Dr. Davis spent 30 years in corporate america and mentions her career found her. As a child she never dreamed of being in HR or being a Chief Diversity Officer but she says "I do believe that in life your past will collide, you collide with destiny". She believes that the things she learned in early childhood were preparing her for her career. Companies would say to her that they needed someone for DEI, and she fit the bill being a woman of color. As for how business is doing post-COVID, Dr. Davis claims that ever since the murder of George Floyd last year her firm been overhwlemed and has not slowed down. They have been on the forefront as a full service firm, they did more listening sessions in the last year than in the past 20 years. Dr. Davis doesn't believe DEI is going anywhere, it has been a relevant hot topic for a number of years because of the pervasive demographic shift we are seeing today. When the new generation of talent comes into the workforce, they have expectations, and if companies don't accomodate them, they will miss out on top talent. She mentions that in 2020, some of the top words used were "pivot" and "you are muted" (LOL). When people pivoted last year, they not only reinvented themselves, they reinvented work places and relationships and looked at life saying "is this what I want to do?" 3.9 million people in June and July quit their jobs, and we're calling this "the great resignation", because people are choosing a different path in their lives. People now ask themselves "is this where I want to work? Is my boss toxic, is this workplace toxic?" and are choosing hapiness and quitting their jobs, so employers must get with the program or they will miss out.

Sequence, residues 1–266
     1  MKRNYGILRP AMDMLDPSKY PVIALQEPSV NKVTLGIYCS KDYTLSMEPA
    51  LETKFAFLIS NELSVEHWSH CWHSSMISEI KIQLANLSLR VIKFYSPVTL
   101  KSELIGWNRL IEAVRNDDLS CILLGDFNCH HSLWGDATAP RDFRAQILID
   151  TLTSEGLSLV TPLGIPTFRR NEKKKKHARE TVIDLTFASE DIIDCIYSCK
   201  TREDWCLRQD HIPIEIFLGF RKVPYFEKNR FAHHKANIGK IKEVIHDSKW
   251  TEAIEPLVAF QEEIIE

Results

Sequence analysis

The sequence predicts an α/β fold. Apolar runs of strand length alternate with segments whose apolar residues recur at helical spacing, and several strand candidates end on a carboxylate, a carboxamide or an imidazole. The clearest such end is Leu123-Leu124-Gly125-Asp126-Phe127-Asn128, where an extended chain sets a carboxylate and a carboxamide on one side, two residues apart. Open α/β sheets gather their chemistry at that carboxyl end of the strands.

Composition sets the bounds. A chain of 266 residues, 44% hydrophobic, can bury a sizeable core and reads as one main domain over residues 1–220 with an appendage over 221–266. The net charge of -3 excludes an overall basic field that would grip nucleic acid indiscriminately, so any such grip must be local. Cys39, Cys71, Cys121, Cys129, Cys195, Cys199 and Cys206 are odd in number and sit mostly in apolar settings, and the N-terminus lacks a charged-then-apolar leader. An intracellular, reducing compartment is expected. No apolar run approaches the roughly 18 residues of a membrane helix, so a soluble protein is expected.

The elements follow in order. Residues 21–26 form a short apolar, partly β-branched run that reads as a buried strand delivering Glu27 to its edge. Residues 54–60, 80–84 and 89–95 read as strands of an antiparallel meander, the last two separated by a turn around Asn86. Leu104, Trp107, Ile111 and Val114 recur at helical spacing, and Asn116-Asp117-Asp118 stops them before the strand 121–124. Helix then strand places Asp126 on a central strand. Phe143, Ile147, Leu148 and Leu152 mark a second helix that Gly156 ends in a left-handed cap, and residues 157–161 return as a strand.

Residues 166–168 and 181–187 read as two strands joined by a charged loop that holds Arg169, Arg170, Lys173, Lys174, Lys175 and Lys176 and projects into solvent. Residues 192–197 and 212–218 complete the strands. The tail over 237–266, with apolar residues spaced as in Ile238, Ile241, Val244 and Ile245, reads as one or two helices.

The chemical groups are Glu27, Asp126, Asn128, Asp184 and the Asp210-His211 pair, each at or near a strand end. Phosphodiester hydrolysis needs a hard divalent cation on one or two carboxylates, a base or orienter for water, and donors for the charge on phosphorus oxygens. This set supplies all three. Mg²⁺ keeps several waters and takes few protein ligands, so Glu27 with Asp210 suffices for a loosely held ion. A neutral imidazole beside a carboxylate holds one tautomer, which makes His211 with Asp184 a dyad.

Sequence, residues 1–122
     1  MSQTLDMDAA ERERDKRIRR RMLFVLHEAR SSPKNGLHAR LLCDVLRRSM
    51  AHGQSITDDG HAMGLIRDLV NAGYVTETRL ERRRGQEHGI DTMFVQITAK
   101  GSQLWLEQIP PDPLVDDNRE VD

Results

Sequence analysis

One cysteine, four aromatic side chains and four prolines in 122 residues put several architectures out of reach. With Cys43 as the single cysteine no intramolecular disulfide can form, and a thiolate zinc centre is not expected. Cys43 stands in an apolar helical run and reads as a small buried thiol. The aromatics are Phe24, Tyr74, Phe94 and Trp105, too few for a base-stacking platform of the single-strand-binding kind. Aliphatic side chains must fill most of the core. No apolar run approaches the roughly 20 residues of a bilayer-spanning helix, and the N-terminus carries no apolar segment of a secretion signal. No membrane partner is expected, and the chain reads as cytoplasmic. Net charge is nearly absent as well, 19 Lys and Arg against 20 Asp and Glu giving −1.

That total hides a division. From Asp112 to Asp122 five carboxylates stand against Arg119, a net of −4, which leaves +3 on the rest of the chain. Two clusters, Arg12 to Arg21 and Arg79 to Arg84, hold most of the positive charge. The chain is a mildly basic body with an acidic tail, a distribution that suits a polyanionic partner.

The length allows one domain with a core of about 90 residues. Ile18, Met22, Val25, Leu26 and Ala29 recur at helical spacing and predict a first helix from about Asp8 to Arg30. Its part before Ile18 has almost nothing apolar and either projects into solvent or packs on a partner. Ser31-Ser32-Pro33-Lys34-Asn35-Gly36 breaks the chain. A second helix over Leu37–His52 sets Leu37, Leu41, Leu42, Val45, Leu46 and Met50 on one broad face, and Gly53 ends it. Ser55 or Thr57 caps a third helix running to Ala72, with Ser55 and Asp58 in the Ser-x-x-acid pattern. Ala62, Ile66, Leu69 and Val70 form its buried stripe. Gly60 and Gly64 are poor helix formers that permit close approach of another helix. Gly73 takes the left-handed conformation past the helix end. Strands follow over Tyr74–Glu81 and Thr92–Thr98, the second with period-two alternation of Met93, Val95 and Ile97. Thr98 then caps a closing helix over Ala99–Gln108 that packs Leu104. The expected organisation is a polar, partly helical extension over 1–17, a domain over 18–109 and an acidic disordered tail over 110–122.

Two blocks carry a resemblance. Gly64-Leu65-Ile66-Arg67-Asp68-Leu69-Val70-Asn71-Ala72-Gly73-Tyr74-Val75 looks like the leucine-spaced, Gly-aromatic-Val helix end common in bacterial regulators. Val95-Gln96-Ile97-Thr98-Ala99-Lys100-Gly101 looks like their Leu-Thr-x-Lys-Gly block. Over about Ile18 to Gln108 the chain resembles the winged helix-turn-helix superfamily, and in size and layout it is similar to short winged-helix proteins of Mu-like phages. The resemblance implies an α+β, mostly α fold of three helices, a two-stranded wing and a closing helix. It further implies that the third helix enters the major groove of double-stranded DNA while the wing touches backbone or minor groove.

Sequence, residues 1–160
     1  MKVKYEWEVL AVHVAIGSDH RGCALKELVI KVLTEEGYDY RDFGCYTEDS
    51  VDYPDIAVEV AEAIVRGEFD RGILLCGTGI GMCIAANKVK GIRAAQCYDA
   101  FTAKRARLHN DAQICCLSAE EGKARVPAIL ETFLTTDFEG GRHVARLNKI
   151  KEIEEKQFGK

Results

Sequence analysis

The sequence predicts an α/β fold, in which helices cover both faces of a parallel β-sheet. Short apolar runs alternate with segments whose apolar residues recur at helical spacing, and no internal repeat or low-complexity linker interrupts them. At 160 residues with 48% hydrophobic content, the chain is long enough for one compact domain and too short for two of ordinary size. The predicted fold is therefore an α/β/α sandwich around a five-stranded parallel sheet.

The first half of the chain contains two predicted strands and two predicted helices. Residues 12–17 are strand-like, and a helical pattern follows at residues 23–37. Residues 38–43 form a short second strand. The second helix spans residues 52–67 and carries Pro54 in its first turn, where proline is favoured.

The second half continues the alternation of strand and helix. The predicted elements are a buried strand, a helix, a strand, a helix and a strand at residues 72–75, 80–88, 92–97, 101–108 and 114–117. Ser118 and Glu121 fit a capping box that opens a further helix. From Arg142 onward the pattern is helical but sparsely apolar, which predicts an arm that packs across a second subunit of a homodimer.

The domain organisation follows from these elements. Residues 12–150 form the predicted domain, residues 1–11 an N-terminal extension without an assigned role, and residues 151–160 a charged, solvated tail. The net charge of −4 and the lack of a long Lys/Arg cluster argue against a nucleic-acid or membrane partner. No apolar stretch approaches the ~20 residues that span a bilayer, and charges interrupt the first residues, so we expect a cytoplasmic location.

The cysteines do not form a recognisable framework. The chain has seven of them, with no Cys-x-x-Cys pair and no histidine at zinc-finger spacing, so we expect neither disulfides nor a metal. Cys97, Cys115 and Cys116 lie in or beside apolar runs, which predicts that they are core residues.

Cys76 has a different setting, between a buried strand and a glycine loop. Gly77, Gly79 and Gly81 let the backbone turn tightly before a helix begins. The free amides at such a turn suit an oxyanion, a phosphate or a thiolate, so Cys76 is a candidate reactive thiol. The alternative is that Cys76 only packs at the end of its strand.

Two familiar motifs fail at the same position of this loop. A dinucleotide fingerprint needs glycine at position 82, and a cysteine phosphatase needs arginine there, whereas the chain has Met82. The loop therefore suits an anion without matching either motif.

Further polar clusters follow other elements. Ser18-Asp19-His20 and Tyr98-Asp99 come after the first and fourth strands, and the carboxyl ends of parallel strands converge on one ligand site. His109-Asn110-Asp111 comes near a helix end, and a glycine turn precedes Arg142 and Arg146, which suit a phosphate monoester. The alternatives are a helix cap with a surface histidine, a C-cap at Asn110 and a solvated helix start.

As far as the mass resgination, women are a lot of the ones leaving the workforce. Currently, women make up nearly half of the workforce, says Dr. Davis, and companies need to do something to retain them. Women are overwhelmed with not only work responsibilites, but also child care and other home responsibilities. She calls out to companies to make their workplace cultures and policies more flexible, and to create the enviorment that allows women to excel. She belives women were leaving the workforce in higher droves this past year because not only were they many of them laid off, they made choices to leave because childcare centers were shut down and children were home from school. Her firm has been overwhelmed with a lot of calls about implicit bias training, because at the core of it, women still have biases that keep us from being payed fairly, hired in certain positions or being promoted as fast as men. She even brings up that out of the fortune 500 companies, only 41 of the heads of those corporations are women. We have work to do! It starts with equity, inclusion, bias training, but then it goes to accountability: change your policies, update your strategies and put programs in place that are much more flexibile and accomidating to bring women in.